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Irish Whiskey

 

What the heck is that?

Irish whiskey refers to whiskey that has been distilled and fully matured on the island of Ireland (this includes Northern Ireland and the Republic of Ireland). The Irish spell the word with an additional “E”.

 

 

Who cares?

Whisk(e)y is today more commonly associated with Scotland. However, according to many records, the Irish were the first to invent the golden stuff. Since the 12th century, Irish monks were in the habit of distilling and drinking a strong spirit they call “water of life”. Irish settlers apparently brought the practice of distillation to Scotland around the 13th century, and the rest is history.

The late 1800s was a period of boom for Irish whiskey. Irish whiskey took up 70 percent of the world whiskey market. Two out of every three bottles sold in London were Irish, and even in Scotland, Irish whiskey outsold Scotch back then. 

Unfortunately, the Irish whiskey industry performed terribly from around 1919, and most distilleries were shut down. It took almost another century later in the 2010s for Irish whiskey to see another boom. 

 

(Image Source: Peaky Blinders TV Series)

 

The lead in the Peaky Blinders TV series, Thomas Shelby, is said to prefer Irish whiskey over Scotch. This is because Irish whiskey is often made in such a way (using triple-distillation) to create a much smoother texture and cleaner taste. Peat is almost never used, making Irish whiskey much brighter and sweeter in flavour profile.

“Pot still” whiskey is the most iconic style of whiskey coming out of Ireland. Unlike malt whisky which consists of 100% malted barley, “pot still” whiskey is made from a mixture of around 60% unmalted barley and 30% malted barley. This composition gives Irish whiskey a mildly spicy flavour and and creamy texture.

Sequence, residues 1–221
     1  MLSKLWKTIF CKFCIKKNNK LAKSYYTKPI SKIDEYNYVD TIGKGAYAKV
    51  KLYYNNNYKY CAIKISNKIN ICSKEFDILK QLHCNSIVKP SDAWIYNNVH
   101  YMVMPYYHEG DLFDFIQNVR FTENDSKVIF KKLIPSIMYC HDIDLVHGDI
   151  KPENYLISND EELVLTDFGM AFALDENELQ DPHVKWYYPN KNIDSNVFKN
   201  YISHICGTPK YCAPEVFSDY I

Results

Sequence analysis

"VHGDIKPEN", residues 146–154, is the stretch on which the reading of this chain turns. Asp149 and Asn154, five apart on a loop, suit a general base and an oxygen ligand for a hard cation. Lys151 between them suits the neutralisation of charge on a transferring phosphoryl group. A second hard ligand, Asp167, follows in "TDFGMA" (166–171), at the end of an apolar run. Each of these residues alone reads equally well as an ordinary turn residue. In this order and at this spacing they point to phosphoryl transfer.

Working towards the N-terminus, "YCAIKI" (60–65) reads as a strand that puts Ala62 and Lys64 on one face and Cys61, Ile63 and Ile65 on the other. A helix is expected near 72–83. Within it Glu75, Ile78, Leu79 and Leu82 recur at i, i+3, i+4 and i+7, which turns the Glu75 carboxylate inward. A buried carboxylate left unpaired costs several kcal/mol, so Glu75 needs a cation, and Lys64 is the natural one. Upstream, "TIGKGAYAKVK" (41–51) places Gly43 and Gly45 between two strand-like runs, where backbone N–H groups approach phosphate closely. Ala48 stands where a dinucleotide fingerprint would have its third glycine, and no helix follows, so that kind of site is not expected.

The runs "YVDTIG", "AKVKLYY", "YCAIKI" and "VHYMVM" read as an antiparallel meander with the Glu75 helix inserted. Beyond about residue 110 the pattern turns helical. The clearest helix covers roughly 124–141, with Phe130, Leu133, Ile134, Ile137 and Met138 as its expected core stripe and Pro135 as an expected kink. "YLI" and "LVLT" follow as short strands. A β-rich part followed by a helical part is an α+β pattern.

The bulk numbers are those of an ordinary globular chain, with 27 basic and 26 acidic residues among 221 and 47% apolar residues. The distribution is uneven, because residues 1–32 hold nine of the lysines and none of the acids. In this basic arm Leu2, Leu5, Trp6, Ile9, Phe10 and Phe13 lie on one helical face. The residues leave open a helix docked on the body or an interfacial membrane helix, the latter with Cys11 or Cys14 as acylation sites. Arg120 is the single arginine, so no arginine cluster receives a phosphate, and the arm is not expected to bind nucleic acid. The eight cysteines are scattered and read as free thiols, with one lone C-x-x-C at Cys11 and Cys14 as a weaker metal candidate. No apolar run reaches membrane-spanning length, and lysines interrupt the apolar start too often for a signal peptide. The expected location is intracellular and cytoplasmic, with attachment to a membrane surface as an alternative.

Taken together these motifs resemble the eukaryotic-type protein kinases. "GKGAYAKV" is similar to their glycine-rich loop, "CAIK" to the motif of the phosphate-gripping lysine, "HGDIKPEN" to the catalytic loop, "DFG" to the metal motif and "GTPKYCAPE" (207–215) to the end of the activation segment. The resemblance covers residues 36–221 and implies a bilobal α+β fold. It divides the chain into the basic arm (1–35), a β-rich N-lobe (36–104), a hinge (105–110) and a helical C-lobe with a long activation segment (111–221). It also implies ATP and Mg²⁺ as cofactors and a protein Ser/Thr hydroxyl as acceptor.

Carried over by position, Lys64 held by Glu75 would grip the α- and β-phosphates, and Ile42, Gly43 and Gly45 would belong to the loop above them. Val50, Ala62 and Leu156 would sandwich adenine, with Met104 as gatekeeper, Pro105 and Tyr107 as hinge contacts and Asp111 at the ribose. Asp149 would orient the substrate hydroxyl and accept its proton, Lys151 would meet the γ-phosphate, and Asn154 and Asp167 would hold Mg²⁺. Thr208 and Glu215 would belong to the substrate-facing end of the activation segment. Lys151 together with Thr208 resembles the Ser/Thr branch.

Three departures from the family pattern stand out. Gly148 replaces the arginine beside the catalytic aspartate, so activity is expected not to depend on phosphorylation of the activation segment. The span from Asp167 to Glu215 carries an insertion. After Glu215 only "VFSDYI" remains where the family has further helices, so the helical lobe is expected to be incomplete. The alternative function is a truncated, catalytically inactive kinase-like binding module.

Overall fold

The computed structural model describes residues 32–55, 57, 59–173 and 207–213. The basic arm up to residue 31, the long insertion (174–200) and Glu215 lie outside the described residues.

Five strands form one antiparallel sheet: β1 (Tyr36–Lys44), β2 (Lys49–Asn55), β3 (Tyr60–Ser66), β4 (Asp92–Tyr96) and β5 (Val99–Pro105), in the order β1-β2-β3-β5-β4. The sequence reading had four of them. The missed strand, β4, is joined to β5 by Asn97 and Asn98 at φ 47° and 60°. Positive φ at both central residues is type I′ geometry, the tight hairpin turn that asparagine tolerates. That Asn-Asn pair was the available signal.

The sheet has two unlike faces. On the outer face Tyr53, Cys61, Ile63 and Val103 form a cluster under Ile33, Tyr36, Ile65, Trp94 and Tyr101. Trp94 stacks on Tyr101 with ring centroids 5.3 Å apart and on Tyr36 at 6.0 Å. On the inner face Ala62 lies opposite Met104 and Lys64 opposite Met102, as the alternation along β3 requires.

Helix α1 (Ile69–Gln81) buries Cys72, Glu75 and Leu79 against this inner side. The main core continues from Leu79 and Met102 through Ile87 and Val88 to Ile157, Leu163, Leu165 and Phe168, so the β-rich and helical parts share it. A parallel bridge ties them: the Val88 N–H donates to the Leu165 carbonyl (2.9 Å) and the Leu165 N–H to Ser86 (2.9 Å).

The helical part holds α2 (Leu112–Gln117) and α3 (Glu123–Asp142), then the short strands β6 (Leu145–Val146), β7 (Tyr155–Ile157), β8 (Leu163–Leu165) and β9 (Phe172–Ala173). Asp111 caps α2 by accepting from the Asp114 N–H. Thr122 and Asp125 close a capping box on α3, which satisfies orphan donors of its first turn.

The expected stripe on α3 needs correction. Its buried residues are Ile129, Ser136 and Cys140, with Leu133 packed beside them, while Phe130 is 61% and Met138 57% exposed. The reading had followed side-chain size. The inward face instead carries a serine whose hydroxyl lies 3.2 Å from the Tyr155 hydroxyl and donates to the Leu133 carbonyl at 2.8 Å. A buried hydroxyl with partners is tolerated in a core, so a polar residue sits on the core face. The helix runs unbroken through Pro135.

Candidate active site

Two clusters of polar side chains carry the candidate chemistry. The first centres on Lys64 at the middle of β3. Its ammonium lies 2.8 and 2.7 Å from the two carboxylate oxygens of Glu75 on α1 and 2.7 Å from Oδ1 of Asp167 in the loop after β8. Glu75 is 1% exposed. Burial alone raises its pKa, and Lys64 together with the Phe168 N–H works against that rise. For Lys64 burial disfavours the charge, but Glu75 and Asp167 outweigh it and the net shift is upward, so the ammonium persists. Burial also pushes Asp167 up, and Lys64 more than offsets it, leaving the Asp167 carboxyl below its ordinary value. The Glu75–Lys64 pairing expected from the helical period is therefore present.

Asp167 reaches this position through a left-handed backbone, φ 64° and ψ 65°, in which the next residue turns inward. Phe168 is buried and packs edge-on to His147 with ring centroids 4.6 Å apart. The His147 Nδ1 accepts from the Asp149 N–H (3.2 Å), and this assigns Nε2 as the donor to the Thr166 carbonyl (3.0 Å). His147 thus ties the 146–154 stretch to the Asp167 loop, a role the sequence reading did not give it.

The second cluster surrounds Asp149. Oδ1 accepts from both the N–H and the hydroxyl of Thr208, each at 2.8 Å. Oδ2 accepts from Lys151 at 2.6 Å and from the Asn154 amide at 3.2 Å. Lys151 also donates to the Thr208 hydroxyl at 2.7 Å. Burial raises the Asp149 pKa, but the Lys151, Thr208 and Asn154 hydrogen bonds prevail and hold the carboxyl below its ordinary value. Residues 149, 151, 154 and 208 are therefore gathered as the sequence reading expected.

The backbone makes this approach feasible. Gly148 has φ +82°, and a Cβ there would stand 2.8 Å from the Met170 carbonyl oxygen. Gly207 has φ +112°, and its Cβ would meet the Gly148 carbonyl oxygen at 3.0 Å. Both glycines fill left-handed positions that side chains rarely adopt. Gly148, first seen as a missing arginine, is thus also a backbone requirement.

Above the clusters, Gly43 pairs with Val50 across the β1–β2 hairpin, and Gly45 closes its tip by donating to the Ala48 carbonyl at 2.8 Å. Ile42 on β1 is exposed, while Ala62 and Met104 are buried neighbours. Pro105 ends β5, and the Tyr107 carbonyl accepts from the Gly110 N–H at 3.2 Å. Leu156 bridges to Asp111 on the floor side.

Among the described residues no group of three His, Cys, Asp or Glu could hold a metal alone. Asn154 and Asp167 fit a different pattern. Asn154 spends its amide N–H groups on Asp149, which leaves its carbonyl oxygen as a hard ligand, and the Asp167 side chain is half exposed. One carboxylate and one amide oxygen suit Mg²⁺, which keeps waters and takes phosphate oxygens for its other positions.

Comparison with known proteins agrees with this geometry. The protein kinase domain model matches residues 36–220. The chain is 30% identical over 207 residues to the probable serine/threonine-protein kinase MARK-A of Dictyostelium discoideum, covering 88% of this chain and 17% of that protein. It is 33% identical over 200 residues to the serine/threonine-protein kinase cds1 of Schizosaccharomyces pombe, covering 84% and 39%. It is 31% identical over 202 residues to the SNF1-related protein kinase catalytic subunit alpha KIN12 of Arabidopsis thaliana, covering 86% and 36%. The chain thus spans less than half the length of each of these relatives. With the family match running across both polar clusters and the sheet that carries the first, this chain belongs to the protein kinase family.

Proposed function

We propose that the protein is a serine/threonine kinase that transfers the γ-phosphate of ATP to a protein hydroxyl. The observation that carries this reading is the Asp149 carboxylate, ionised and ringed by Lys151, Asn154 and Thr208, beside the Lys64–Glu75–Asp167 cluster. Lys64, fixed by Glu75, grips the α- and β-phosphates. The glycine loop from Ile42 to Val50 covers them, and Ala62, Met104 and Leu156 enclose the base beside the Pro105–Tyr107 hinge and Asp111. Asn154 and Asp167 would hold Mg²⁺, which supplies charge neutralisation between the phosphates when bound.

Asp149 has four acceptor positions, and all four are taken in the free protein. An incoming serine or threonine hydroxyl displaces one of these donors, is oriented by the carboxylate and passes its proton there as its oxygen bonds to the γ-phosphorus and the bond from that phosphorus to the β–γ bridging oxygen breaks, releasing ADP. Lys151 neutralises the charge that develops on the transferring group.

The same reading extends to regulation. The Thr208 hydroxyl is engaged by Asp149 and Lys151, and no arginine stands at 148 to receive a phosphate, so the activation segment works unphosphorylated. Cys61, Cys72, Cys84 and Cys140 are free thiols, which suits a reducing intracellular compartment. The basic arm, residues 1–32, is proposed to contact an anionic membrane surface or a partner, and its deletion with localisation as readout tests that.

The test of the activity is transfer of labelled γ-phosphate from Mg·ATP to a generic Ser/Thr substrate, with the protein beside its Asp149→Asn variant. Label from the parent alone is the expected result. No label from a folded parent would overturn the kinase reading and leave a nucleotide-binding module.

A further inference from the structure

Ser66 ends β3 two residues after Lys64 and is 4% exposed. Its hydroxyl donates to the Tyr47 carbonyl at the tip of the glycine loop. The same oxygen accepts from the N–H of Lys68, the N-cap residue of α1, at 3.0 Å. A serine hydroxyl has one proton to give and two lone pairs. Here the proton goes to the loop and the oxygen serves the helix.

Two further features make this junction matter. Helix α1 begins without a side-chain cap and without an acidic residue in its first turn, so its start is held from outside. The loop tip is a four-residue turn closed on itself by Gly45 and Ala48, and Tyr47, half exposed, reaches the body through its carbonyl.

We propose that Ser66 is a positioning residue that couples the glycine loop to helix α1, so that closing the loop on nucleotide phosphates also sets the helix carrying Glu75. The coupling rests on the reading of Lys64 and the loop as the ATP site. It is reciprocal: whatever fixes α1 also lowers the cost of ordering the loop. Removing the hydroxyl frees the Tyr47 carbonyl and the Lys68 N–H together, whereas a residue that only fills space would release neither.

You may recall that Scottish authorities hold a notoriously tight rein on its rules governing the production of Scotch whisky. The Irish are, in contrast, much more progressive and flexible. For instance, Scotch rules do not permit the use of apple cider casks for maturation of Scotch whisky. No such restriction is faced by Irish whiskey makers. 

 

 

Why should I try it?

We find Irish whiskeys to be some of the friendliest and well-balanced whiskies perfect for sipping at any time of the day. They tend to be a great base to make whiskey-and-soda. High quality Irish whiskey also tend to be more affordable than premium Japanese or Scotch whisky.

There is a good reason why Irish whiskey sales has been growing faster than Scotch for the past couple of years. For one, Irish whiskey tend to be much smoother and easier to imbibe. For another, Irish whiskey-makers are less beholden to tradition, and more willing to experiment with unusual styles. These factors make Irish whiskey more attractive to the growing crowd of young adult consumers. 

It is a category to watch closely too. Since the 70s, the Irish have been ceaselessly experimenting on different flavour profiles that would capture a wider variety of palates than Scotch. Perhaps by the end of the 2020s, Irish whiskey would have overtaken Scotch as the most popular sub-category of whiskies.



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